I had never mentioned this project to anyone before, except in very guarded and technical terms. Actually, I had published a couple of papers that had to do with certain aspects of JIMI, but they did not touch on the nature of the overall project. Anyway, she was much more excited than I had expected she would be. She thought it was a great idea, and she said she wanted to see the program in action. I cautioned her that there were still a few kinks to be worked out, but she hardly even listened. I inferred from the tone of her voice that she wasn't really interested in music; but on the other hand her enthusiasm seemed genuine, not feigned at all.
Her enthusiasm actually embarrassed me a little bit. I'd been trying to work out the same "few kinks" in JIMI for two or three years. I decided to back off from my brag. "I've got to warn you," I said, "I'm a dangerous crackpot."
"Oh, stop it," she said, smiling. "You're not dangerous at all."
"Okay," I said, "so I'm a harmless crackpot."
She didn't protest. We were all done eating. The food had been excellent but essentially wasted -- I had hardly paid it any attention, I had just shoveled it down mechanically.
That night we went back to her apartment near campus, and she showed me her sculptures. They were by and large of very high quality, though not in any way spectacular. Most of them were meticulously detailed hybrid human/animal beasts -- not the standard Pegasi, but man-pigs, geese-women, and so on. I talked to her about sculpture for a while -- art history was not one of my strong points, but I happened to know a little bit about Rodin, having seen the movie Camille Claudel. Also, several years back I had read the essays on Rodin written by the Germanpoet Rainer Maria Rilke. (Ever since I had happened upon a copy of the Duino Elegies in a used bookstore in Manhattan, Rilke had been my favorite poet. At least once a day I thought of the first line to the first elegy: "If I cried out, who would hear me up there among the angelic orders?" Needless to say, this line has special poignancy for me now.)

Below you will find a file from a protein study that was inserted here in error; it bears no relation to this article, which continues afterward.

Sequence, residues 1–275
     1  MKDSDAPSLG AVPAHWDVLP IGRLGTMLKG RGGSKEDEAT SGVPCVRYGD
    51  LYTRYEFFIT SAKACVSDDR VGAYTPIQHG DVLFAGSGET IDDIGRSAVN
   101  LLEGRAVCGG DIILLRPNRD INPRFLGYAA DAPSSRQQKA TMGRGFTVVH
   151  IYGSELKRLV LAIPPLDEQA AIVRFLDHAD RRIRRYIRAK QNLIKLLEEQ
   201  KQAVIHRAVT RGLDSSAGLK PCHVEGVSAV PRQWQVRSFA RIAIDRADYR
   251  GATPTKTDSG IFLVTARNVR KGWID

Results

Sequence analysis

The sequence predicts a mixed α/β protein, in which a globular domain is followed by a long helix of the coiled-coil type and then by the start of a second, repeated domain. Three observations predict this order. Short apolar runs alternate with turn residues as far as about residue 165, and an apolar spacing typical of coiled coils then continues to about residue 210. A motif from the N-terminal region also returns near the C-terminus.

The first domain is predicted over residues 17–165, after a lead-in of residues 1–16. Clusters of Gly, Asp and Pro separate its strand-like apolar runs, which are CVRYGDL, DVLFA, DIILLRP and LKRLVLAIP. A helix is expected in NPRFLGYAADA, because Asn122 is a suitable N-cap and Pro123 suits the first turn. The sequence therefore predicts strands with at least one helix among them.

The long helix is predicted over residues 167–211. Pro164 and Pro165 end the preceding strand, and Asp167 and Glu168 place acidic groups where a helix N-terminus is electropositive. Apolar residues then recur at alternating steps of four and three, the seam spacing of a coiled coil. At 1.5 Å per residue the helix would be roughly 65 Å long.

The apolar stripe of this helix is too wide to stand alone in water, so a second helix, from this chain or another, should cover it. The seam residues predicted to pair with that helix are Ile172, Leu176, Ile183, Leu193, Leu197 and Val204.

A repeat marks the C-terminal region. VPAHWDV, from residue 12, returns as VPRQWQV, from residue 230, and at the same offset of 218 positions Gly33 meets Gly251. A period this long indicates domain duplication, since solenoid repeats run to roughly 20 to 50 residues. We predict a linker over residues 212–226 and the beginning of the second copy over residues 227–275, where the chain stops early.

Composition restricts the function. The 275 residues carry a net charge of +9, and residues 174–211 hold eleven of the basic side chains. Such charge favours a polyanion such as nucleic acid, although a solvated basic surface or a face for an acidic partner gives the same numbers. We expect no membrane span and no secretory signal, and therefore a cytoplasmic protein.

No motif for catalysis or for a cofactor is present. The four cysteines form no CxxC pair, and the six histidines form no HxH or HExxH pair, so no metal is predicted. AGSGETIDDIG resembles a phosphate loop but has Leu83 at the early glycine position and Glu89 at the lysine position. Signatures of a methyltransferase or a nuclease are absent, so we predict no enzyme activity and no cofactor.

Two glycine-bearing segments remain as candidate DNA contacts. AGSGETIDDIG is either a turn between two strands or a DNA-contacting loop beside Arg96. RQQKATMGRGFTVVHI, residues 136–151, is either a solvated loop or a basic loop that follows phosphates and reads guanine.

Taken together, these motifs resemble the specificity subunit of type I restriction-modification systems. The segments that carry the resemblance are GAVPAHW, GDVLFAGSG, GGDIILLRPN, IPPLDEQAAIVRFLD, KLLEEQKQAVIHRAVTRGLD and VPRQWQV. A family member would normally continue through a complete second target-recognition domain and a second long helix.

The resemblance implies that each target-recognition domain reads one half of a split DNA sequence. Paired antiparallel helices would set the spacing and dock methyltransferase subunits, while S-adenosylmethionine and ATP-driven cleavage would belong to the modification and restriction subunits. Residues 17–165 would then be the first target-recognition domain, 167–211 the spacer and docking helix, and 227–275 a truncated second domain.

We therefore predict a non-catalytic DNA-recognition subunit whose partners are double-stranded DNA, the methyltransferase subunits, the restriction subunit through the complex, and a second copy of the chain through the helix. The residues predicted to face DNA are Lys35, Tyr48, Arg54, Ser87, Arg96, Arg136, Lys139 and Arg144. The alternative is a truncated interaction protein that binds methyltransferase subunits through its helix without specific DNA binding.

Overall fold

By mentioning the essays of Rilke I managed to turn the conversation from sculpture to poetry -- I wanted to show off. I wound up expounding on Arthur Rimbaud's doctrine of the "systematic disorganization of all the senses." This, according to Rimbaud, was the only means for contacting the higher reality that is the source of all creative insight. Of course, "systematic disorganization of all the senses" is a high-falutin way of saying take every drug you can get your hands on, which is exactly what Rimbaud did.